The purpose in this section of Hebrews is to provide us with a foundation of truth regarding how we are freed from the condition we were in before we were called, converted, and made Christians and part of God's Family. Hebrews 2:9-11 adds key information to clarify our understanding:
But we see Jesus, who was made a little lower than the angels, for the suffering of death crowned with glory and honor, that He by the grace of God might taste death for everyone. For it was fitting for Him for whom are all things and by whom are all things, in bringing many sons to glory, to make the captain of their salvation perfect through sufferings. For both He who sanctifies and those who are being sanctified are all of one, for which reason He is not ashamed to call them brethren.
These verses introduce the solution. Jesus is the means by which we, the many sons, are made perfect, that is, brought to completion and made free from this bondage imposed on us. Our Creator had to first become completely identified with us: human. This is important because Jesus is the means by which we are not only made free and holy at the beginning of our conversion, but this same One also keeps us free throughout our conversion. Those who are truly holy by God's standard are those who will escape death.
This holiness or sanctification is not a static, unchanging state but a growing, lifelong, continually forming one. It is helpful to be reminded of John 8:31-36, which concludes with the statement that "if the Son makes you free, you shall be free indeed."
The Son sets us free. However, a key element pinpointing our responsibility in this relationship is the word abide, mentioned by Christ in John 8:35: “And a slave does not abide in the house forever, but a son abides forever.” It means “to live,” “to continue,” “to go on.” We must recall Romans 5:10 and be very thankful: “For if when we were enemies we were reconciled to God through the death of His Son, much more, having been reconciled, we shall be saved by His life.” This truth confirms that we are saved by His life, that is, He is our living High Priest. “I will never leave nor forsake you,” He declares (Hebrews 13:5).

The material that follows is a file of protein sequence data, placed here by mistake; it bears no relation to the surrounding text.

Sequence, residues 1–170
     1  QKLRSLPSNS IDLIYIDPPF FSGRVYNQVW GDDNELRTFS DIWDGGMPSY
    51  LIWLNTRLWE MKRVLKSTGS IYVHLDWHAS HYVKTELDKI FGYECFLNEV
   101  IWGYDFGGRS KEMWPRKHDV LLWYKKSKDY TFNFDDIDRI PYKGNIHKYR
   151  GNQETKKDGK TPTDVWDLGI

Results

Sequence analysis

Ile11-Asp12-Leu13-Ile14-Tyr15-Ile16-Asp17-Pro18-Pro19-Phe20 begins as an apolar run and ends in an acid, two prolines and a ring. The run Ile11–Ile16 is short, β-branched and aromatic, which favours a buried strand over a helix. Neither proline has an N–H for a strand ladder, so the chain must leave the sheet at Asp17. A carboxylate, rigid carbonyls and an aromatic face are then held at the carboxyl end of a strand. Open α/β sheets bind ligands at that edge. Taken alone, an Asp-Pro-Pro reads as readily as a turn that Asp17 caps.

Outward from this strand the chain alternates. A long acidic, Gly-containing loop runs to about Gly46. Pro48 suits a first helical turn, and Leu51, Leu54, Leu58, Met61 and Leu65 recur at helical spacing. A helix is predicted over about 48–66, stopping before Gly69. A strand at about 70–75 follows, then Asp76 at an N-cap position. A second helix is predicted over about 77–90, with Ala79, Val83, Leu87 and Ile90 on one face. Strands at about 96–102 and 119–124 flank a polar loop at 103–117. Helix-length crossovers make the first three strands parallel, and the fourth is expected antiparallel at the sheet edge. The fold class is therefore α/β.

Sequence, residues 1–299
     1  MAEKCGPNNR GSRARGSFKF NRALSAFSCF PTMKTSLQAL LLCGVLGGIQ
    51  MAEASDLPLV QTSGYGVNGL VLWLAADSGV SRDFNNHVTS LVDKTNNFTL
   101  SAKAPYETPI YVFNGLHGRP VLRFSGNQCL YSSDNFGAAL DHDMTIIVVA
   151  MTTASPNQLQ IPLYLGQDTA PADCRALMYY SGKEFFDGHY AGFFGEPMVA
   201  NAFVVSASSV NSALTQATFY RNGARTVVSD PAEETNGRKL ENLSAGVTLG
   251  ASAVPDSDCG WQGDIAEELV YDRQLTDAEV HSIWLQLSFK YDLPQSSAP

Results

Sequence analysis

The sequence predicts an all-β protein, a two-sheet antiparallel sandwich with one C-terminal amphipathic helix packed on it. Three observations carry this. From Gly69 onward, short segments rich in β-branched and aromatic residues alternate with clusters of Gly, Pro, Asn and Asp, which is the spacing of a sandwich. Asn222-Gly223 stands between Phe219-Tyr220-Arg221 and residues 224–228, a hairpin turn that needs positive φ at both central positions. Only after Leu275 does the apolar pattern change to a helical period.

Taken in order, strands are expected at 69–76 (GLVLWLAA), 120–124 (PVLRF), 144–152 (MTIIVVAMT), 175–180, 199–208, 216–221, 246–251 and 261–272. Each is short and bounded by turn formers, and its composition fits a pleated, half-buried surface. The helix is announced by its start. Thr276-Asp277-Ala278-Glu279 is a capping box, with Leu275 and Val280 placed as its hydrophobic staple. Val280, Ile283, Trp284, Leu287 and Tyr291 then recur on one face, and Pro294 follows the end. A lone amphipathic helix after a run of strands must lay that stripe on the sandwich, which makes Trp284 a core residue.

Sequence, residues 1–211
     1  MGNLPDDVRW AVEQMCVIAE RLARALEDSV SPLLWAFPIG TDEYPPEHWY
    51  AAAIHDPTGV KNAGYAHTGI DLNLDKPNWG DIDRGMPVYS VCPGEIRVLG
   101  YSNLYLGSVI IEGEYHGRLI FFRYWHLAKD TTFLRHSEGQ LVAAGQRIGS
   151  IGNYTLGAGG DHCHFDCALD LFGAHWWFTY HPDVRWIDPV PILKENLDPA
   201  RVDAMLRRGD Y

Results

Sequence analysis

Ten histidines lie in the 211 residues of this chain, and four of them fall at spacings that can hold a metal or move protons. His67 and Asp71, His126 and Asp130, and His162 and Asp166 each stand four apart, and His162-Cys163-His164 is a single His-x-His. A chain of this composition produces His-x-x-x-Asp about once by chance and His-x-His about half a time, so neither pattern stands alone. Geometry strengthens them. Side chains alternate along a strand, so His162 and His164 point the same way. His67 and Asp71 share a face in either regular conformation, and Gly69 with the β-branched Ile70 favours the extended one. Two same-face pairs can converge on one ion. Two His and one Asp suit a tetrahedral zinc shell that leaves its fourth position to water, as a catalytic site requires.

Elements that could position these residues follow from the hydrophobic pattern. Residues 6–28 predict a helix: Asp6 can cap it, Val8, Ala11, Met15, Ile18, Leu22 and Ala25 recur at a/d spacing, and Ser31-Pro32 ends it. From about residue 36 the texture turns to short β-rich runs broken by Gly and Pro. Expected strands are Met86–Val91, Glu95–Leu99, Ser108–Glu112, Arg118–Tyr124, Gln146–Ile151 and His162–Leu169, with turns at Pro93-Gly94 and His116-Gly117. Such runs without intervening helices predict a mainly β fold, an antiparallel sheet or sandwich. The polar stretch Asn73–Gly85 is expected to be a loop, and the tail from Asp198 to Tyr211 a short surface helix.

Our responsibility, then, is to continue being faithful to Christ, striving to overcome sin, and as this occurs, He, as our High Priest, continues to keep us free from backsliding into Satan's bondage. Thus, the work of Christ makes us one with Him and keeps us one with Him.
The author of Hebrews is stating that Jesus, our Savior, and His brothers and sisters all now belong to the same Family. Remember that Jesus, in order to be identified completely with us, became a mortal man, but He, by living a sinless life, escaped the mandatory death penalty. Because of God's calling and faith, we are now linked with Him spiritually and can look forward to everlasting life.
Hebrews 2:14 is saying that in order for us to be freed from bondage to Satan and the fear of death, Christ had to become human and able to die because “the wages of sin is death” (Romans 6:23). Thus, nothing less than the death of our sinless Creator, living as a man, could suffice for us to be freed from the death penalty by means of His substitutionary death on the cross. God paid a huge price for our freedom from the fear of death.
This was not His only great accomplishment. He also lived sinlessly, and in doing so defeated Satan, who has the power of death, as he lost the struggle to induce Jesus, the second Adam, the beginning of the new creation, to sin. The Adversary had won this struggle over Adam and Eve and all their children, but Jesus took the weapon of death from Satan's hands. Because we are one with Christ, that weapon no longer hangs over us.
John W. Ritenbaugh
Ecclesiastes and Christian Living (Part Eight): Death